(Luke Reynolds/The Broadside)
As Central Oregon Community College students pass the halfway point of the semester, many have been preparing for midterms.
However due to the switch to remote learning at the start of spring term, midterms have been hard on students as well as the instructors.
“I decided to make all of my midterms take-home, which would not be my normal approach for the classes I’m teaching this term” said Jessica Giglio, who is an instructor in the math department.
Giglio feels that it was challenging to rewrite open notes tests for her classes. This was because it was hard to find the appropriate level of difficulty for the students who really understood the core concepts of each class.
However with a more lenient test environment Giglio has created some workarounds to adapt to the online format.
“I’m adding more application-based problems but still need to assess the ability to perform some basic techniques. That’s why I am having all my students sign a document saying that they understand what resources they can use, and that they are aware I may contact them through Zoom to have them explain their work, or work through a similar problem” said Giglio.
While Giglio feels optimistic that this will deter students from using information from sources they do not understand, she will contact them if warranted.
Giglio has also adapted her courses in other ways, such as making Zoom class meetings optional.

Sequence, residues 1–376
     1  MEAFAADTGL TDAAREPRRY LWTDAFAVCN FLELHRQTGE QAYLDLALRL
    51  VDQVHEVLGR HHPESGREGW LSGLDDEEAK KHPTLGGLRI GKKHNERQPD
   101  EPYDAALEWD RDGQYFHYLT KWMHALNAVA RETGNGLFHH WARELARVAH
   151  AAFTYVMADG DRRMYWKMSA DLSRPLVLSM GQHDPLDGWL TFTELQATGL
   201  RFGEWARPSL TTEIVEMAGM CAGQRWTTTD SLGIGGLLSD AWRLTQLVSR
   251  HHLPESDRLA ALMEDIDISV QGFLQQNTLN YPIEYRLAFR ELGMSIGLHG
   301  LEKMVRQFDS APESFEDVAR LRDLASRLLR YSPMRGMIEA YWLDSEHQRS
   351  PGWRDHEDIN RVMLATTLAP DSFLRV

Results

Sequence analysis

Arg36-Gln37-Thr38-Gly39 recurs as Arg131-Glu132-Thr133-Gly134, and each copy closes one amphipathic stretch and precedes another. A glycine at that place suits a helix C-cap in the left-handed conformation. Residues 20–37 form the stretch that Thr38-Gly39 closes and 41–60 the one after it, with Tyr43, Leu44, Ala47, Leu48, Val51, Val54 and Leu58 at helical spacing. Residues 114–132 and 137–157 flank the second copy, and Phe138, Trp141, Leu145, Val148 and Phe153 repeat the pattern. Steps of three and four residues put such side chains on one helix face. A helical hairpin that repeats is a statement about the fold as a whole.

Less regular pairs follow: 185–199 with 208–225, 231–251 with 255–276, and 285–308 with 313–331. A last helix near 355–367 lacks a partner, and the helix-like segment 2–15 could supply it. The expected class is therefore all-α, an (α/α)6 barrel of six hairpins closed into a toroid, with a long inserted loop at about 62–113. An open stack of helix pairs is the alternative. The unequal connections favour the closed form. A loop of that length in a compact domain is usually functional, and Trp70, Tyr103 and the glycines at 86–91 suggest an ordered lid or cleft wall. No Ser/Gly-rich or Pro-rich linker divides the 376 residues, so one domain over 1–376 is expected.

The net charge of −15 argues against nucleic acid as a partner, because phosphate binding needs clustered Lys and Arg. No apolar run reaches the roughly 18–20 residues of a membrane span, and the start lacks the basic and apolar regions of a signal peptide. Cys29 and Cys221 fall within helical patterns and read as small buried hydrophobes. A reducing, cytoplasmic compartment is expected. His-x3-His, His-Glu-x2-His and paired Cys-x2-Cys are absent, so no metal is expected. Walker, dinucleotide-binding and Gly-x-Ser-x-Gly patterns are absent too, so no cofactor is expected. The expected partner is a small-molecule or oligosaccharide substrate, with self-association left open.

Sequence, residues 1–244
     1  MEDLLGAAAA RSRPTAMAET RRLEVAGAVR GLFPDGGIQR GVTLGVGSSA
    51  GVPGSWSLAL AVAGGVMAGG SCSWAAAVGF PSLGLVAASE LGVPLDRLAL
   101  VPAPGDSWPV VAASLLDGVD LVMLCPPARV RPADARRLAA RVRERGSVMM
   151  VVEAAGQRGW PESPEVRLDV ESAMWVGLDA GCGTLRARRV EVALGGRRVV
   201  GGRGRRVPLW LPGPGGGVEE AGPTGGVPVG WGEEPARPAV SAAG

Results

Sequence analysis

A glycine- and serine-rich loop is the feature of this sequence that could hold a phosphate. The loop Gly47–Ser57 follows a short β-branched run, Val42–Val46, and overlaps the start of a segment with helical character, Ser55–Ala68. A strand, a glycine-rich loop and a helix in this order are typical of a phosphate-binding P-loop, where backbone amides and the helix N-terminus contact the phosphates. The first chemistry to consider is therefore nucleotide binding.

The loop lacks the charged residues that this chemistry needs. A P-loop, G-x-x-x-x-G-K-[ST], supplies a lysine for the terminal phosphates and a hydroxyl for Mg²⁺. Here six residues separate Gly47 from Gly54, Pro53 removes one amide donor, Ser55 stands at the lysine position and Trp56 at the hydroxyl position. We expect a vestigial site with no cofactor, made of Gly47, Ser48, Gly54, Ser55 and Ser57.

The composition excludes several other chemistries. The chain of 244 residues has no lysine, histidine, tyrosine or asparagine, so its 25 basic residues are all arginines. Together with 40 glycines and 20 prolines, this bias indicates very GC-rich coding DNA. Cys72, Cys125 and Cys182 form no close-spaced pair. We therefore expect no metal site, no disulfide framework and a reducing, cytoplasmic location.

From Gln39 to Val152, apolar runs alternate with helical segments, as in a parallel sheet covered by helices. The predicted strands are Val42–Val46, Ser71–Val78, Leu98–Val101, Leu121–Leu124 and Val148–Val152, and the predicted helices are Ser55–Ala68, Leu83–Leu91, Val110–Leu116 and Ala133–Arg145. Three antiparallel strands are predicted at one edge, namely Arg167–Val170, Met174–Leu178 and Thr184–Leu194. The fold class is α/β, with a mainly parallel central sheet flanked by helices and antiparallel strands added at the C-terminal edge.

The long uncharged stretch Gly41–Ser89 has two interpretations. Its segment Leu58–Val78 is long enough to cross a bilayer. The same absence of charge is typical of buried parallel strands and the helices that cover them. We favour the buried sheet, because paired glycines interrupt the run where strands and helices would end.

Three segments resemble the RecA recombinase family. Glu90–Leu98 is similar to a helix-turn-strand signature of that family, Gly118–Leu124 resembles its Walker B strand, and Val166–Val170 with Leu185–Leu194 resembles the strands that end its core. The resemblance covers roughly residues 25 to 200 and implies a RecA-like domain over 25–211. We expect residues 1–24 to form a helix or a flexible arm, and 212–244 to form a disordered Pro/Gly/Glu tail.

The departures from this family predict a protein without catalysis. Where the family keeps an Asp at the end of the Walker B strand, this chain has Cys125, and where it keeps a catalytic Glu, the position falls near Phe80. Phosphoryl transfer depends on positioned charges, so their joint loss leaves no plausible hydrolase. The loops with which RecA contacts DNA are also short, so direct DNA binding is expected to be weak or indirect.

“I’m glad I decided to do the optional Zoom sessions, since plenty of students attend, and they’re productive. I’ve never made videos before, but they seem to be working fine. Overall, it’s going about as smoothly as I could have hoped” said Giglio.
So far Giglio has used these Zoom meetings to answer questions students may have on homework or provide extra insight into class material.
The core of the material for each course has been provided through videos and assigned readings. However, depending on the class the transition has been easier for some than others.
“On one hand, it’s going smoother than anticipated; I’ve been surprised at how capable the students and the technology are. On the other hand, it’s not nearly as engaging or fun as a “real” classroom. I miss the spontaneous class discussions and big white boards to scrawl notes on” said Owen Murphy, an instructor at COCC.
Murphy teaches a variety of courses relating to Health & Human Performance (HHP). These subjects include Health and Fitness, Human Psychology and Human Sexuality.
“I’m not the most computer-savvy guy, so transitioning classes and exams online has been really time intensive — and frustrating when things don’t go right”
Murphy has done his best so far to create relevant discussions, assignments and exams but due to remote learning, it is up to the students to engage with coursework. Murphy also acknowledged that while students aren’t facing an ideal environment to learn in, he is grateful that everyone is doing what they can.
“Hang in there, everybody. Get outside if you can, find some time to decompress, be compassionate, and stay healthy!”